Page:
WHY THIS MATTERS IN BRIEF
- By 2031 Quantum computing will be able to crack most of today’s most commonly used encryption systems, Quantum Key Distribution will provide organisations and governments with a way to communicate that is immune from attacks and eavesdropping
From credit card numbers to bank account information, we transmit sensitive digital information over the internet every day. Since the 1990s, though, researchers have known that quantum computers threaten to disrupt the security of these transactions.
That’s because quantum physics predicts that these computers could do some calculations far faster than their conventional counterparts. This would let a quantum computer crack a common internet security system called public key cryptography.
This system lets two computers establish private connections hidden from potential hackers. In public key cryptography, every device hands out copies of its own public key, which is a piece of digital information. Any other device can use that public key to scramble a message and send it back to the first device. The first device is the only one that has another piece of information, its private key, which it uses to decrypt the message. Two computers can use this method to create a secure channel and send information back and forth.
A quantum computer could quickly calculate another device’s private key and read its messages, putting every future communication at risk. But many scientists are studying how quantum physics can fight back and help create safer communication lines.
One promising method is Quantum Key Distribution (QKD), which allows two parties to directly establish a secure channel with a single secret key. One way to generate the key is to use pairs of entangled photons—particles of light with a shared quantum connection. The entanglement guarantees that no one else can know the key, and if someone tries to eavesdrop, both parties will be tipped off.
Tobias Huber, a recently arrived JQI Experimental Postdoctoral Fellow, has been investigating how to reliably generate the entangled photons necessary for this secure communication. Huber is a graduate of the University of Innsbruck in Austria, where he was supervised by Gregor Weihs. They have frequently collaborated with JQI Fellow Glenn Solomon, who spent a semester at Innsbruck as a Fulbright Scholar. Over the past couple of years, they have been studying a particular source of entangled photons, called quantum dots.
A quantum dot is a tiny area in a semiconductor, just nanometers wide, that is embedded in another semiconductor. This small region behaves like an artificial atom. Just like in an atom, electrons in a quantum dot occupy certain discrete energy levels. If the quantum dot absorbs a photon of the right colour, an electron can jump to a higher energy level. When it does, it leaves behind an open slot at the lower energy, which physicists call a hole. Eventually, the electron will decay to its original energy, emitting a photon and filling in the hole. The intermediate combination of the excited electron and the hole is called an exciton, and two excited electrons and two holes are called a biexciton. A biexciton will decay in a cascade, emitting a pair of photons.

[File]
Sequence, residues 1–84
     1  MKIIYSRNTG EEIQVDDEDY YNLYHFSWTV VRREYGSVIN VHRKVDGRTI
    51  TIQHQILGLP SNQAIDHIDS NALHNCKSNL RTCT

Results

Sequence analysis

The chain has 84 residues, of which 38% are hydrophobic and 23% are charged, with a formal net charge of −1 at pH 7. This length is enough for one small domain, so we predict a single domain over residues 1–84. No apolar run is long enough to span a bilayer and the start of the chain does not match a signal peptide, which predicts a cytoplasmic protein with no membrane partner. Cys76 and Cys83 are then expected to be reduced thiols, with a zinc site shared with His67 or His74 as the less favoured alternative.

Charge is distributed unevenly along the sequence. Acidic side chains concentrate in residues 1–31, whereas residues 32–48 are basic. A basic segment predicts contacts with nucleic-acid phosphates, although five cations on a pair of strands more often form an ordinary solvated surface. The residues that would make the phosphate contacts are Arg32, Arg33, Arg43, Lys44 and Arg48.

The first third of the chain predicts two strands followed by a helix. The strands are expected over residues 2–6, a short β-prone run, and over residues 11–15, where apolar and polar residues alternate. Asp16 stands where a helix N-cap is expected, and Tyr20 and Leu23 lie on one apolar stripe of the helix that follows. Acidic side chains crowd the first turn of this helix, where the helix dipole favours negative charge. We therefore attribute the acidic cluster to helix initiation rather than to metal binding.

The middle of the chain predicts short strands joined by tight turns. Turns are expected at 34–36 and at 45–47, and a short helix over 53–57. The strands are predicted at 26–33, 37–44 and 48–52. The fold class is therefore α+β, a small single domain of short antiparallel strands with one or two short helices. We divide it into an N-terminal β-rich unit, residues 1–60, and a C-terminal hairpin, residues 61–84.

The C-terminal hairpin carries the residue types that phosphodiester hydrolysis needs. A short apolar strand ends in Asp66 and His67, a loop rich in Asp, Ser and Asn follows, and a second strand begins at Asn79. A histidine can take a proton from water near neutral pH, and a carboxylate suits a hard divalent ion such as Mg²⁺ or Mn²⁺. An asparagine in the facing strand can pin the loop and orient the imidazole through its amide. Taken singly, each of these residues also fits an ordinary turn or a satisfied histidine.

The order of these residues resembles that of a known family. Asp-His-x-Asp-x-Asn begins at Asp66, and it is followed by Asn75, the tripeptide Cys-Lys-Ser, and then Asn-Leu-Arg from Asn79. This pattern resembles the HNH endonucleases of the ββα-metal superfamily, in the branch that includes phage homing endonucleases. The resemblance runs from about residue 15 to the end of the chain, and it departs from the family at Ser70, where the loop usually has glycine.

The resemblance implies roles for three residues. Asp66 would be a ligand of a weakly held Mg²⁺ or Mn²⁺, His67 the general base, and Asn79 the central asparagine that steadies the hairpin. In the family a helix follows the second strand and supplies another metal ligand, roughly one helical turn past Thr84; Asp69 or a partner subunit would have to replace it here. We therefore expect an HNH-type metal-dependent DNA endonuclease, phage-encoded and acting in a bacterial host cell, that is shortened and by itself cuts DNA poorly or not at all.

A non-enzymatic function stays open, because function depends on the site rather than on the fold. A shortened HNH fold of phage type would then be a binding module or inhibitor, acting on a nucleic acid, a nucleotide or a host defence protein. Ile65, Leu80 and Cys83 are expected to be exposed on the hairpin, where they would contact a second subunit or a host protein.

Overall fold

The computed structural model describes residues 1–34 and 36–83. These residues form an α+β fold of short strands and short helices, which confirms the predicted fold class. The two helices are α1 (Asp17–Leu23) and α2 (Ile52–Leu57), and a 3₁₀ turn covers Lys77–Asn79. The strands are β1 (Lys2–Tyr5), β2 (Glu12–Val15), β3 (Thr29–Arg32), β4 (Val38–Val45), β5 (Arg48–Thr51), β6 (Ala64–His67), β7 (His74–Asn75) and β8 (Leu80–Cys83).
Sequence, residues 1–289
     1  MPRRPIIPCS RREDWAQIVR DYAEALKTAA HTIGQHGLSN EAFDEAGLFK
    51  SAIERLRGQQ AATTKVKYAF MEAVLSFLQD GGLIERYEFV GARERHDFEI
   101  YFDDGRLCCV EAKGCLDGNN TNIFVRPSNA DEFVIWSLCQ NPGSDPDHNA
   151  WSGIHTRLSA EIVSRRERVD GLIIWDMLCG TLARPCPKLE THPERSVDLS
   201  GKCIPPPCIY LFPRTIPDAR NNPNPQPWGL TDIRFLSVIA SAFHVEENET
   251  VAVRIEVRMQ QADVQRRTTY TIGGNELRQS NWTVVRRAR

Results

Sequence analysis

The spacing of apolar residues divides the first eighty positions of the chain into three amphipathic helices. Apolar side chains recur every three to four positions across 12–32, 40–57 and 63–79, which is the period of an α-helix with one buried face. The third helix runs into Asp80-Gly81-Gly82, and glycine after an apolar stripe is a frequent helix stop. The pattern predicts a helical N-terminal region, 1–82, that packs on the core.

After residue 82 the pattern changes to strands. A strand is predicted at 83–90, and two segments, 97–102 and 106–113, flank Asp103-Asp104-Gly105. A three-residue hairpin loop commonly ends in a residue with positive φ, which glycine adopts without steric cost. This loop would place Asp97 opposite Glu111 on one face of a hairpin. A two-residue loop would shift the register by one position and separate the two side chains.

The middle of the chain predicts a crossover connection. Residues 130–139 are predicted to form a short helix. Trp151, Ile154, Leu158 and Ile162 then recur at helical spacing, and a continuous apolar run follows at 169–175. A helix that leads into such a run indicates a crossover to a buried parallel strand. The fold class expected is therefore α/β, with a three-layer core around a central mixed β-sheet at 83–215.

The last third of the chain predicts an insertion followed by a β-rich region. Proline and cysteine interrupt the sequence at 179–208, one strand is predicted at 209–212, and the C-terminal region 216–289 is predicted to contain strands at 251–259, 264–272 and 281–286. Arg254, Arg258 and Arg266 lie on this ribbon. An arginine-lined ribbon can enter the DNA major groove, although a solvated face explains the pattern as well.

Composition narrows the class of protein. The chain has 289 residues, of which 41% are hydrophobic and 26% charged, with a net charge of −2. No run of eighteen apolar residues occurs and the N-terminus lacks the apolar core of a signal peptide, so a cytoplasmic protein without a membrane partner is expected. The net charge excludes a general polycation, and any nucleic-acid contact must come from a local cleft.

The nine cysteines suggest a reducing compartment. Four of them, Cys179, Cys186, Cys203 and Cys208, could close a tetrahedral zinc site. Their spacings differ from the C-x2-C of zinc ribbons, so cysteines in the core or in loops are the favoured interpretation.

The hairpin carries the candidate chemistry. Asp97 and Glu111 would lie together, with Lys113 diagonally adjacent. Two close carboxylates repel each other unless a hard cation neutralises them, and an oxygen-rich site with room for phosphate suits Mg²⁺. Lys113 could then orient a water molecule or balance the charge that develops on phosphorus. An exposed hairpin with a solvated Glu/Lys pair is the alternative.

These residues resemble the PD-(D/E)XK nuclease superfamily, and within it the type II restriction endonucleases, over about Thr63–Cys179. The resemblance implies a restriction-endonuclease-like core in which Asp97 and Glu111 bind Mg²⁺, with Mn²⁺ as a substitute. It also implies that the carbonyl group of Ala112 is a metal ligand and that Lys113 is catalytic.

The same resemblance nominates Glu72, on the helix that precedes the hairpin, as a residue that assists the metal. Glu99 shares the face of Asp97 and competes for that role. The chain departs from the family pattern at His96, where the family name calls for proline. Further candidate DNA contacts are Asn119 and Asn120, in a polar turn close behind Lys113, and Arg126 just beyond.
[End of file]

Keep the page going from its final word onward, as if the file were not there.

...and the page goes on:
Huber, Weihs, Solomon and several colleagues have developed a way to directly excite biexcitons in quantum dots using a sequence of laser pulses. The pulses make it possible to encode information in the pair of emitted photons, creating a connection between them known as time-bin entanglement. It’s the best type of entanglement for transmitting quantum information through optical fibers because it doesn’t degrade as easily as other types over long distances. Huber and his colleagues are the first to directly produce time-bin entangled photons from quantum dots.
In their latest work, published in Optics Express, they investigated how the presence of material imperfections surrounding the quantum dots influences this entanglement generation. Imperfections have their own electron energy levels and can steal an electron from a dot or donate an electron to fill a hole. Either way, the impurity prevents an exciton from decaying and emitting a photon, decreasing the number of photons that are ultimately released. To combat this loss, the team used a second laser to fill up the electron levels of the impurities and showed that this increased the number of photons released without compromising the entanglement between them.
The team says the new work is a step in the right direction to make quantum dots a viable source of entangled photons. Parametric down-conversion, a competitor that uses crystals to split the energy of one photon into two, occasionally produces two pairs of entangled photons instead of one. This could allow an eavesdropper to read an encrypted message without being detected. The absence of this drawback makes quantum dots an excellent candidate for producing entangled photons for quantum key distribution.
The advent of quantum computing brings new security challenges, but tools like quantum key distribution are taking those challenges head-on. It’s possible that, one day, we could have not only quantum computers, but quantum-secure communication lines, free from prying eyes.